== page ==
Sleep has long left this remote corner of South Africa: eleven people have been murdered here in a year, about one a month, with clockwork regularity, earning the hamlet of 3,000 souls the disturbing nickname of “village of death”.
The crimes take place after dark. In Zingqolweni, in the south-east of the country, the sun sinks behind the line of the green mountains as soon as 6 p.m. No electricity in the dirt streets, the village is then plunged into thick darkness.
That day, Nobongile Fihla, 50, returned from the cemetery. His mother is one of the first victims. She was killed in May 2021.
“I found her body here, near the door. She was lying in a pool of blood,” she told AFP. His aunt, who shared the modest thatched-roof house, was killed the same night, stabbed.
Nobody saw anything, heard anything. In this rural Xhosa-speaking country, more than three hours’ drive from the first town, the houses are far apart. All the victims are elderly, the majority are women, most lived alone.
– Never seen –
The eleven victims received multiple stab wounds. Some also had their throats cut. “They are emptied of their blood”, describes to AFP a police source who participated in the investigation.
In police memory, this is the first case of this type. South Africa, one of the most violent countries in the world, has one homicide every twenty minutes. “But serial murders of elderly people, no. It’s unheard of,” says the source.
Six men have recently been arrested. Their trial is due to begin in June. According to local police, it was a series of burglaries that went wrong.
But for the local official Gcinikaya Koki, 64, the investigators, who found no other clue than a piece of clothing, are on the wrong track. People are not rich here, many live on welfare.
The houses were turned over but no valuables were taken. “Money was found after the murders, so what did they want?”
The idea that it is the work of a serial killer haunts people’s minds. And continue to sow terror. Some fled the village. Women gathered at night to sleep together.
– Omerta –
A police team specializing in serial crimes visited the scene several times. A single modus operandi, regular murders committed at the beginning of each month, no obvious trace of a villainous motive: no doubt, for them it is one and the same man.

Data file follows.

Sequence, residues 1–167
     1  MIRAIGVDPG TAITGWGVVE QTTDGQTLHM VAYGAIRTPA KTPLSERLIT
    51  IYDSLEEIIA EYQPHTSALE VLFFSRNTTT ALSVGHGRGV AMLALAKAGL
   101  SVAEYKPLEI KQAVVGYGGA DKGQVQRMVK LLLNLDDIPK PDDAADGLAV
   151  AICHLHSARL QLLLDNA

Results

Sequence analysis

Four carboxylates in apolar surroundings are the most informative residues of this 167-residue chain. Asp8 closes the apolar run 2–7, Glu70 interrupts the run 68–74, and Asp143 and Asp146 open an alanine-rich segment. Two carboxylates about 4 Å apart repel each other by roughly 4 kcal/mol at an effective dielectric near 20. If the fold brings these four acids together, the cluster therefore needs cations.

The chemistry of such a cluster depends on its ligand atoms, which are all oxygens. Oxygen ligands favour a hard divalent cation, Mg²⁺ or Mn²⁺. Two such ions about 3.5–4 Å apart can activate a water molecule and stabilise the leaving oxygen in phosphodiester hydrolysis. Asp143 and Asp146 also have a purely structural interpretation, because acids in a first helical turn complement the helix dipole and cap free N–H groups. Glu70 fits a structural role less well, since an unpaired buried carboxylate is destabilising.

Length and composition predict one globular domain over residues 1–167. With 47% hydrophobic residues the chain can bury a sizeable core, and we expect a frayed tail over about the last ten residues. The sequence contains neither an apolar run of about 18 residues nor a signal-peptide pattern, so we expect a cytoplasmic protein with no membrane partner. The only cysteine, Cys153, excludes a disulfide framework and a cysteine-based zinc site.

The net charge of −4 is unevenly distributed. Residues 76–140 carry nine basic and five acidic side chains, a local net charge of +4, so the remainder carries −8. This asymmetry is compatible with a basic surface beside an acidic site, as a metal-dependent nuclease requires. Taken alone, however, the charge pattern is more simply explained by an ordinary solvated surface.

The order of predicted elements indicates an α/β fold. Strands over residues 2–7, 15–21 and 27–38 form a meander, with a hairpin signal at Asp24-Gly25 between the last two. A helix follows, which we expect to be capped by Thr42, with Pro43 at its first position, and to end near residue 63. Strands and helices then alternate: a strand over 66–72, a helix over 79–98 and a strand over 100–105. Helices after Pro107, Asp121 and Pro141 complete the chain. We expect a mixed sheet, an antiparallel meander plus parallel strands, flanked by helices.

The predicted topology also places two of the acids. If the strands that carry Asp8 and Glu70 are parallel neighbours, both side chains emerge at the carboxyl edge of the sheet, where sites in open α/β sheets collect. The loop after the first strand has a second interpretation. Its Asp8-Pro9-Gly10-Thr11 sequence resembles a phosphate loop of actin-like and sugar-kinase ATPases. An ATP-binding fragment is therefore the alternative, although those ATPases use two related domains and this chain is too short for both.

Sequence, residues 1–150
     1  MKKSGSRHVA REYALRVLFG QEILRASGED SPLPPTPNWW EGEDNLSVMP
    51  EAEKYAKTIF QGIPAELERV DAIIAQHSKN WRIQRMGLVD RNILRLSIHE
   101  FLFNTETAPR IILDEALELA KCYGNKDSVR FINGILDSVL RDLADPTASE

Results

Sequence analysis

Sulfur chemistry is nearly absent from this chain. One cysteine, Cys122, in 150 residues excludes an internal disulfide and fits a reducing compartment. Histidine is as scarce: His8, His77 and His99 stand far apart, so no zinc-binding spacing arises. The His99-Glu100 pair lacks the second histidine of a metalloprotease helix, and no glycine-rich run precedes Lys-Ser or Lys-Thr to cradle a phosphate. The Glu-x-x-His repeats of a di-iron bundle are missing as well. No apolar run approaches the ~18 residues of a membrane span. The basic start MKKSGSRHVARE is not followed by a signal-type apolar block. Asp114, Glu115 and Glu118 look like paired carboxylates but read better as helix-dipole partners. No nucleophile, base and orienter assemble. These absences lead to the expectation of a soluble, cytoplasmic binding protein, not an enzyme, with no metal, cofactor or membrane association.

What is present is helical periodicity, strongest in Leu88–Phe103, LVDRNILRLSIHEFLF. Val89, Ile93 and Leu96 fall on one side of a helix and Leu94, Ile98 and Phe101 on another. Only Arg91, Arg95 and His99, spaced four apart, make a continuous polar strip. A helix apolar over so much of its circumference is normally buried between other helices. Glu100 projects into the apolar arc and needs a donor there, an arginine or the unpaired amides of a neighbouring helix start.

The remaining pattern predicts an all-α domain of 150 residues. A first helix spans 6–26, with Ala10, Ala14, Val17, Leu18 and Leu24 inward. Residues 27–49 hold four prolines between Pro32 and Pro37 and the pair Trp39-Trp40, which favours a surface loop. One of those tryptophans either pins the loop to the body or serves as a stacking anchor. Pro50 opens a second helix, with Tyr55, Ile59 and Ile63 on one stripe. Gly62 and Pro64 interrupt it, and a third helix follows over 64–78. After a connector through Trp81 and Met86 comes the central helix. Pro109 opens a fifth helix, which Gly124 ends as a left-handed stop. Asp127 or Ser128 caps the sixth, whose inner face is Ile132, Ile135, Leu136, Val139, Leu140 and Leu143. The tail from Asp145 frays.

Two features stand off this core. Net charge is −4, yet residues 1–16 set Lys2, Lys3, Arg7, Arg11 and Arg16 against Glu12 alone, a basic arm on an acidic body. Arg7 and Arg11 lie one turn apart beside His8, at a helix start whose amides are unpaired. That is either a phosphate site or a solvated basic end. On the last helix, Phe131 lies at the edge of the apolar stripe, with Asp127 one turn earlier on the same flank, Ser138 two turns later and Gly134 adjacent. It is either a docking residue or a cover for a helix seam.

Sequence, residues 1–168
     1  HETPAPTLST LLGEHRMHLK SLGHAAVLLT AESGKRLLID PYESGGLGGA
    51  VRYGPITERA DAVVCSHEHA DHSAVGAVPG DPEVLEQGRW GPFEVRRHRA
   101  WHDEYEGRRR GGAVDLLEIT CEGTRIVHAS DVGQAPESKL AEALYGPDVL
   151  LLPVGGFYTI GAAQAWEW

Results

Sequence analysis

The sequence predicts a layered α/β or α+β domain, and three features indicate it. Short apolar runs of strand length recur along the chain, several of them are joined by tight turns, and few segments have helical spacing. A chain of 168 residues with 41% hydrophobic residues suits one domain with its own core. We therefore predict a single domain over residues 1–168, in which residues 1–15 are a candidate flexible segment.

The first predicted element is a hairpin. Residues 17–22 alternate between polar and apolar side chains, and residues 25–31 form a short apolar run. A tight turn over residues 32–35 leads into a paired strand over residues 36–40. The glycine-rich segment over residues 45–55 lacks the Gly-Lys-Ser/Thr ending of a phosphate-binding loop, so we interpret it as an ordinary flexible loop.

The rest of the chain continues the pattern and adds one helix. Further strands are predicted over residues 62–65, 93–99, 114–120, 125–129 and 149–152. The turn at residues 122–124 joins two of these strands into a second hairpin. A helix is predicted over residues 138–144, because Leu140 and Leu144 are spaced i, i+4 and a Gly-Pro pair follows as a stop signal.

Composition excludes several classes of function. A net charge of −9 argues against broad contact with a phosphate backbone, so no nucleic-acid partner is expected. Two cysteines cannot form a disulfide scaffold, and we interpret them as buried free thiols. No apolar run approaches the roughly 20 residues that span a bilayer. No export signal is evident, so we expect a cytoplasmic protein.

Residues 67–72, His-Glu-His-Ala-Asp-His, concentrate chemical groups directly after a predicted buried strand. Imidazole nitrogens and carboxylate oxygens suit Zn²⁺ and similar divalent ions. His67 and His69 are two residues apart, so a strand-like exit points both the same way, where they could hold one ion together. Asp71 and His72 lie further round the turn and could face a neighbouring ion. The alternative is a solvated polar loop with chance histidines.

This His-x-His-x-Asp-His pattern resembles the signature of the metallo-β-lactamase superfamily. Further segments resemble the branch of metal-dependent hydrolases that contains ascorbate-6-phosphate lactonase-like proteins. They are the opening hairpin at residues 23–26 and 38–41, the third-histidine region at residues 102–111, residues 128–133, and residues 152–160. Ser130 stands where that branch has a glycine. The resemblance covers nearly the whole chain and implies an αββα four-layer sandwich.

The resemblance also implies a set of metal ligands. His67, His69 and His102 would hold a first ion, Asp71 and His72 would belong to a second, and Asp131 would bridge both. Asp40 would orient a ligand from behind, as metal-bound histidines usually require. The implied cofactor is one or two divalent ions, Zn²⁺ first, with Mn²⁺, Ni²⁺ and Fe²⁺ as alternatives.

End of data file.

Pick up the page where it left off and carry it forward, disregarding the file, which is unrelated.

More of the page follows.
Rather young, strong enough to get the better of his victims, probably from around and harboring a hatred for old people. “He knew who lives there. And who lives alone,” says an investigator.
Shelling corn on a stool in front of her house lost in the middle of the fields, Nontukunina Mbenyana, 82, recounts the fear. “If my turn comes, I’m ready,” she says. “I will die at home”.
For many months, the authorities remained silent on the case. At the end of the day, some have decided to take the law into their own hands: at the end of last year, seven young men, between 21 and 27 years old, were found dead. Suspected of being behind the crimes, they were burned alive or hanged in a nearby forest.
Twelve men were arrested for these murders, then released for lack of evidence. The investigation continues. In the village, it’s omerta. “Nothing happened here,” says a man with clenched jaws to AFP, rushing into his pick-up.
Lately the macabre series has stopped dead and the mystery remains intact. Reinforced police surveillance and media attention were able to deter the murderer “for a time”, estimates the investigator.
“Sometimes serial killers whose actions are beginning to come to light change scope. We may come across him again elsewhere…”
Melissa Galbraith is the World News reporter for Globe Live Media. She covers all the major events happening around the World. From Europe to Americas, from Asia to Antarctica, Melissa covers it all. Never miss another Major World Event by bookmarking her author page right here.